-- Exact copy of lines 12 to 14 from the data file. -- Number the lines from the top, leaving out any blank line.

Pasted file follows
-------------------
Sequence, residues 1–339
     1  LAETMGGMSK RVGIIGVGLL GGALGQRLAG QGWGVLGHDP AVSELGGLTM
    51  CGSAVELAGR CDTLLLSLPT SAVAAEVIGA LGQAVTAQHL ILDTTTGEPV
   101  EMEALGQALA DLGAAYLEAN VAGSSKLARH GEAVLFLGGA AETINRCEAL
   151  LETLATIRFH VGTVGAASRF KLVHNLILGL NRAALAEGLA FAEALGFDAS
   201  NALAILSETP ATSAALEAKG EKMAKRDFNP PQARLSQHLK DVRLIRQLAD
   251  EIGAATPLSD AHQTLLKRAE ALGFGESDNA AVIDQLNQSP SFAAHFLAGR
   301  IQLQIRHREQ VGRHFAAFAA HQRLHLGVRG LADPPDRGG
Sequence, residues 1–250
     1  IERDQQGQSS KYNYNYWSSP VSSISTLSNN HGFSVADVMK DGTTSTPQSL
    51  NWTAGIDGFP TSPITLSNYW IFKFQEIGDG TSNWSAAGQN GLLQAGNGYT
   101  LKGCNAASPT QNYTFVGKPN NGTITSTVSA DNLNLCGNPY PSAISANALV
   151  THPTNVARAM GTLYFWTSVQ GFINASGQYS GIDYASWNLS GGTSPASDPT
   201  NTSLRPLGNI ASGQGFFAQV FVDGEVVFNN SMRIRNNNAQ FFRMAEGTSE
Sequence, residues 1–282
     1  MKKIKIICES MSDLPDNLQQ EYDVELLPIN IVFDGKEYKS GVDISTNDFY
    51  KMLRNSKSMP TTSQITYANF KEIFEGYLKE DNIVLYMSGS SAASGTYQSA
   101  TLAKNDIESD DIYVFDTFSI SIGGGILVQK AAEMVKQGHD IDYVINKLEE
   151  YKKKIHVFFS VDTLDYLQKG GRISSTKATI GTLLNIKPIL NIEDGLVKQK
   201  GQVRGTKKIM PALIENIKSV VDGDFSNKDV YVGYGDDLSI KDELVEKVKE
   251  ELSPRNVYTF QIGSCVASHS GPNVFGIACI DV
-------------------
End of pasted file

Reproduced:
   101  LKGCNAASPT QNYTFVGKPN NGTITSTVSA DNLNLCGNPY PSAISANALV
   151  THPTNVARAM GTLYFWTSVQ GFINASGQYS GIDYASWNLS GGTSPASDPT
   201  NTSLRPLGNI ASGQGFFAQV FVDGEVVFNN SMRIRNNNAQ FFRMAEGTSE